Blackbear is an American hip-hop recording artist who has collaborated with several well-known musical artists such as G-Eazy, Childish Gambino and Pharrell Williams, as well as Mike Posner in their collective known as “Mansionz.”
Blackbear released his first studio album “Deadroses” in February 2015 and “Help” the following November. In March 2017, the Mike Posner and Blackbear collective “Mansionz” released a self-titled album. Now we have “digital druglord,” an album that is as much beautiful as it is haunting. “Digital druglord” is an album that delivers relaxing and chill elements that fabricate themselves into an oddly sophisticated sound.
On the track titled “hell is where i dreamt of u and woke up alone,” the listener is immediately thrown into Blackbear’s world.
“My nose is burning/ too much cocaine/ got caught in Brooklyn/ with gasoline backed up with cellophane,” he says.
As the words present themselves over the auto-tune Blackbear has supplied, the compiled sounds feel like listening to a beautiful hell on Earth. In fact, a lot of the auto-tune used on countless parts of this record feel reminiscent to that of Kanye West’s 2010 album “My Beautiful Dark Twisted Fantasy,” in which West utilized the audio processor to create some pretty outlandishly stellar tracks that still hold up in the test of time. Blackbear now uses some of those same wonderful characteristics, bending them to his own twisted will to paint a picture of unrequited love, drug use and life as a numb 20-year-old.
Towards the middle of the album, Blackbear addresses how completely finished he is with the sight of his old fling on the track, “do re mi,” also serving as the album’s single.
“Do, re, mi, fa, so f*ckin’ done with you, girl/ so f*ckin’ done with all the games you play/ I ain’t no Tic-tac-toe/ send all the X and O’s on another note,” he says, hitting high falsettos with a punching and bitter take on Julie Andrews’ “Sound of Music.”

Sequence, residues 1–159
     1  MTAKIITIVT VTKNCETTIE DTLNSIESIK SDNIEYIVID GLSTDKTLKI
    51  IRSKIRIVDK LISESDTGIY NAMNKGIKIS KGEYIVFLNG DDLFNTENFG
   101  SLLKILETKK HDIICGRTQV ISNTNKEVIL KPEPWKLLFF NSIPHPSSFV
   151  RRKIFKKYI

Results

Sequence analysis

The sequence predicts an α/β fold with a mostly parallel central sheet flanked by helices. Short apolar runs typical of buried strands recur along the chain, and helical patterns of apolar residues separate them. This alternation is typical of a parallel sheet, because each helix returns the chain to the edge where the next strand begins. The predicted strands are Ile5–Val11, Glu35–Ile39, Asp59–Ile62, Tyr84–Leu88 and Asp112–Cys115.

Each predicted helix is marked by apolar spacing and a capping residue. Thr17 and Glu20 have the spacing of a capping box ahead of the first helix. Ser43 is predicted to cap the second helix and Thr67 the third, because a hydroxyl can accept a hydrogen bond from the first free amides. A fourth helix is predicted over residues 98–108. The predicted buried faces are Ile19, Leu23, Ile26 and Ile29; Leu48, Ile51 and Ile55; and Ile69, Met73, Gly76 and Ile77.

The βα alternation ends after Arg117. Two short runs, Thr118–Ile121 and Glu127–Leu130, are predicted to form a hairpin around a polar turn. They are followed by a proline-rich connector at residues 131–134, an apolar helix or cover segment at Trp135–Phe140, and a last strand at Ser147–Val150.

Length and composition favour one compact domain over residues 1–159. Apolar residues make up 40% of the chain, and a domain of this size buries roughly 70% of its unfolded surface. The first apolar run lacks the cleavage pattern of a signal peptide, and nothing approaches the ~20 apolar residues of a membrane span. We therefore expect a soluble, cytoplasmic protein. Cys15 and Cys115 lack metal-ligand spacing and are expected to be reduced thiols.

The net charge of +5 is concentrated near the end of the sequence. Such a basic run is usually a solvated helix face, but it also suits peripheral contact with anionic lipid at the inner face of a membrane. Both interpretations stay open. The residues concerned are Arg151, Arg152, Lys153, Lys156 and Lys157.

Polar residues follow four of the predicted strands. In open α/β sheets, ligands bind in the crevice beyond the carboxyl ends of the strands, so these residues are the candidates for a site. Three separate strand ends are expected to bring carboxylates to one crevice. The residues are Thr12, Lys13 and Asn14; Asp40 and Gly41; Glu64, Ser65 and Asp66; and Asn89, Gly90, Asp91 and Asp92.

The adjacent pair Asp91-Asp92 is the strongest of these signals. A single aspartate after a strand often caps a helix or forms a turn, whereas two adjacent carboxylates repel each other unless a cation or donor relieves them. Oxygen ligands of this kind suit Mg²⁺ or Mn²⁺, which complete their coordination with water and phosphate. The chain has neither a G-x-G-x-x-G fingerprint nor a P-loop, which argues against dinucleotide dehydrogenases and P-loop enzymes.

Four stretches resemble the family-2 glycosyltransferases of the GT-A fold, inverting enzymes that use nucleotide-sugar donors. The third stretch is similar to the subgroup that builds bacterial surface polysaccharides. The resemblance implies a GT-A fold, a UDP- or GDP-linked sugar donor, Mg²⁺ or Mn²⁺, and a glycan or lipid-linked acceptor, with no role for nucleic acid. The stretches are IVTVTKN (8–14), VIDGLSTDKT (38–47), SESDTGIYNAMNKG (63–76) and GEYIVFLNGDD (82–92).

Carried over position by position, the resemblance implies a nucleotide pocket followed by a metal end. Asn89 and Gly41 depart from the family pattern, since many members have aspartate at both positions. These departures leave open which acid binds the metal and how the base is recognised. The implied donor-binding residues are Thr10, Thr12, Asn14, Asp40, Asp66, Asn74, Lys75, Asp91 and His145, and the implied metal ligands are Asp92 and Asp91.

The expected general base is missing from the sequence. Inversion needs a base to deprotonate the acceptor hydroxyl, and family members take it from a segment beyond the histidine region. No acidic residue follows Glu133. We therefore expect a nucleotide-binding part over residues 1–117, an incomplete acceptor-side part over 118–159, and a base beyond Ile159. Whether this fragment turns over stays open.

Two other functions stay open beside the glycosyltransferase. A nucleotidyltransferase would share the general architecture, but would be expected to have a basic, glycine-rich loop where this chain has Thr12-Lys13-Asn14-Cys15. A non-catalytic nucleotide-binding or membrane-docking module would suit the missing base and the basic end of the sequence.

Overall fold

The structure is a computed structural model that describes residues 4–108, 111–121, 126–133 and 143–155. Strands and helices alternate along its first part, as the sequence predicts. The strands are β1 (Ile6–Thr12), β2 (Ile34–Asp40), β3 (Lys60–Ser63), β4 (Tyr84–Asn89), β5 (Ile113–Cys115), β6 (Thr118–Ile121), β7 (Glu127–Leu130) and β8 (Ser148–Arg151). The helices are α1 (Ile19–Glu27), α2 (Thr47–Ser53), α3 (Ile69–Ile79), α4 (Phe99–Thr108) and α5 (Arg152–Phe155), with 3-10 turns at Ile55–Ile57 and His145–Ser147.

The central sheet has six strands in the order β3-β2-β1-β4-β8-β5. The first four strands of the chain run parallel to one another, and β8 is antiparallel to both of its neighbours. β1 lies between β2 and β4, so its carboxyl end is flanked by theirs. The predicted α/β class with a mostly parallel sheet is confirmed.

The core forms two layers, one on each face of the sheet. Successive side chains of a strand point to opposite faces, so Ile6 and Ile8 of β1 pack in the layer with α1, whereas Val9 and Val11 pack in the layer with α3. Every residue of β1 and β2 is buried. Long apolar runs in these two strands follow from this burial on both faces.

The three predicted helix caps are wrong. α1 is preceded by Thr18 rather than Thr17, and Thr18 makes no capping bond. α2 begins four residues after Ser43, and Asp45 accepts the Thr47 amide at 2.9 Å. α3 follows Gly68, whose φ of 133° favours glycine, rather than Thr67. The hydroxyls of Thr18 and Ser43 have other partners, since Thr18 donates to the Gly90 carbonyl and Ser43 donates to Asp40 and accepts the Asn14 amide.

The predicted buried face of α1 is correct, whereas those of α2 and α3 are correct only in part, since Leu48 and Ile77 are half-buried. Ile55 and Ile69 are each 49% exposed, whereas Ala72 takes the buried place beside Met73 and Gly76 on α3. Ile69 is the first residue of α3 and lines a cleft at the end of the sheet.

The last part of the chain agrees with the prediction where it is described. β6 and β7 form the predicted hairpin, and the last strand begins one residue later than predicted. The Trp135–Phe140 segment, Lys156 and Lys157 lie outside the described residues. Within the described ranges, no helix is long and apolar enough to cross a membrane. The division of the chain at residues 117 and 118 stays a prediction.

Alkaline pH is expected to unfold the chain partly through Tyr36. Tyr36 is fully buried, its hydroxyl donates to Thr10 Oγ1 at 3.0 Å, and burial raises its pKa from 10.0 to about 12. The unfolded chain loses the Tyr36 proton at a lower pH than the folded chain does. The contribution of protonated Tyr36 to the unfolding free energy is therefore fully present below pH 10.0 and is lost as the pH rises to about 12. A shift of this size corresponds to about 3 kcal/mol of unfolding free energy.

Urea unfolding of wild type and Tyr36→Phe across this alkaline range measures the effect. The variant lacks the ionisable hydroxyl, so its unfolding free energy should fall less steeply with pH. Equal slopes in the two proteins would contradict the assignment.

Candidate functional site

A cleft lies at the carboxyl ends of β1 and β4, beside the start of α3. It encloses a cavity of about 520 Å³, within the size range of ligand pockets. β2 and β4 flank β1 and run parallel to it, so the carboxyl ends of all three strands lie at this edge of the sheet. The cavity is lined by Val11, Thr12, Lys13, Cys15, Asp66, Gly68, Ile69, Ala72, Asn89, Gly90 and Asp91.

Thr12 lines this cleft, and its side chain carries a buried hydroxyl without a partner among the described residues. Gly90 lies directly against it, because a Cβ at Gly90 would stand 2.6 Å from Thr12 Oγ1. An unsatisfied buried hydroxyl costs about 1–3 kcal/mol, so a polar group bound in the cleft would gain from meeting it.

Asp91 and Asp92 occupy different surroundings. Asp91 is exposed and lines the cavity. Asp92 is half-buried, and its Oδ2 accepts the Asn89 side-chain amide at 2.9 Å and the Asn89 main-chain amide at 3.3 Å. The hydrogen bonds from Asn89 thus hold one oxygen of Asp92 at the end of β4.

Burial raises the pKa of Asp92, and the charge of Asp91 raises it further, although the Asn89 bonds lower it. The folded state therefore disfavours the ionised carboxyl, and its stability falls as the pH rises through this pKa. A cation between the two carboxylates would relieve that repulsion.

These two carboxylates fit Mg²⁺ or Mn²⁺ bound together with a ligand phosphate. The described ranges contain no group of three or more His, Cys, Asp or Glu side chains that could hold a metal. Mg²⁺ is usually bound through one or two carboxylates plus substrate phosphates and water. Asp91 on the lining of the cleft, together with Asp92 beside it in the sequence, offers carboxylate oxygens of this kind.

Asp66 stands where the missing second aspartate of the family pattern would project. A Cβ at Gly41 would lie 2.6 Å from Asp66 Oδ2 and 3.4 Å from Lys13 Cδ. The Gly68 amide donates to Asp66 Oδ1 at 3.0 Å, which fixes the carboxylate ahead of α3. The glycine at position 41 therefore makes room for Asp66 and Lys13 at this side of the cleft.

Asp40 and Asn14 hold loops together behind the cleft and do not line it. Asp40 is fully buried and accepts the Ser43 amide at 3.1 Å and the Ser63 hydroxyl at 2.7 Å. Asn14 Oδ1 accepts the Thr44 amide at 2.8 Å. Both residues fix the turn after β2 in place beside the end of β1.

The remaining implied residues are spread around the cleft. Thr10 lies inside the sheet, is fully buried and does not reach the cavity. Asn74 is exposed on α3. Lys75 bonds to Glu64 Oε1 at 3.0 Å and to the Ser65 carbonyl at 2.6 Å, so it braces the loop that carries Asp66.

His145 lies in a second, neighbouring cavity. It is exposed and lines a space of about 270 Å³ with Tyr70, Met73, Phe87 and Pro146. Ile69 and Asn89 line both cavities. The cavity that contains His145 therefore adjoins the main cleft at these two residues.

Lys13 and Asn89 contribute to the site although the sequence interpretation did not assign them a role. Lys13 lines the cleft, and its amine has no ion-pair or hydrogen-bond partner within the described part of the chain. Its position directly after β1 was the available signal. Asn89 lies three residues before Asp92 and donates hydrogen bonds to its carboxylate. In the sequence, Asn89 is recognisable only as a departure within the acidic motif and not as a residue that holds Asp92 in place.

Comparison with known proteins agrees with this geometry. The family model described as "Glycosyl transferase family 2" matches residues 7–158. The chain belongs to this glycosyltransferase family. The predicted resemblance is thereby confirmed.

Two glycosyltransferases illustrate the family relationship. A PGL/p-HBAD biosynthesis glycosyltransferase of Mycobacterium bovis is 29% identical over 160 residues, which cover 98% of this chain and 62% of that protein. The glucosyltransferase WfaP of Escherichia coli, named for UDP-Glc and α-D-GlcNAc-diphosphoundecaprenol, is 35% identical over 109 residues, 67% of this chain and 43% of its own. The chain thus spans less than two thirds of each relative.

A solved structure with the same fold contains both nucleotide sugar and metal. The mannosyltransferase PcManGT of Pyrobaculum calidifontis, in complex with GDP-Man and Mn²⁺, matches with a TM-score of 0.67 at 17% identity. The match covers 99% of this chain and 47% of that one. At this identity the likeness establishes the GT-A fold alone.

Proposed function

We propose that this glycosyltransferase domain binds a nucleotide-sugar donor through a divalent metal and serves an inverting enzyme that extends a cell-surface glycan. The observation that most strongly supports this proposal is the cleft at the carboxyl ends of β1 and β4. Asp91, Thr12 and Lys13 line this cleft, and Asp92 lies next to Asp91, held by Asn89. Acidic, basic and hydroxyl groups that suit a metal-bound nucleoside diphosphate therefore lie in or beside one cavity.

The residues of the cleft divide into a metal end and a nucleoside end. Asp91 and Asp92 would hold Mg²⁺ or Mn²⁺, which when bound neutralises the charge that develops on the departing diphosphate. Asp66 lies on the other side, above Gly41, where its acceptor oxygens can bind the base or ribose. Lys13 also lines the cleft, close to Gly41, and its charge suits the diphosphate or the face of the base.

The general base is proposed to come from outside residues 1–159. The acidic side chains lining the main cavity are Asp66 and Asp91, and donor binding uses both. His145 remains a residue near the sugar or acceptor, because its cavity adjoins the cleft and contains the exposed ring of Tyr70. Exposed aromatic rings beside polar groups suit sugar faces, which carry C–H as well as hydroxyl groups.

Towards the end of the album, Blackbear depicts an emotionless castle party on the epic anthem that is “chateau.” Here the synth is manipulated to make the listener feel as though they are somewhat royal, the mighty feeling accompanied with Blackbear’s voice weaving in and out to the catchiness of the beat, as he says, “No love, no love, no love,” constantly in order to serve as the chorus to this deeply disturbing, yet fun-filled sound.
The closing track, “make daddy proud,” finds Blackbear, yet again, dissing his previous love interest in a closing “f*ck you” track that is, like Blackbear’s prior work, sonically ironic. With lyrics that fire evident shots towards a woman he once knew who isn’t quite herself these days, Blackbear has discovered a serious formula for making the cold, cruel and distant sound like a catchy, tropical dance track as he says, “Started spending all of his money/ tell me how’d you get so codependent, girl/ all of his money/ justify your independence, girl.”
Though the lyrics on this album are hauntingly real, the production value of the beats create a paradoxically chill and relaxing filter for even the most darkest and sordid of tracks to pass through. He creates elements that the listener can’t help but keep stuck in their head when engaging in their daily endeavors.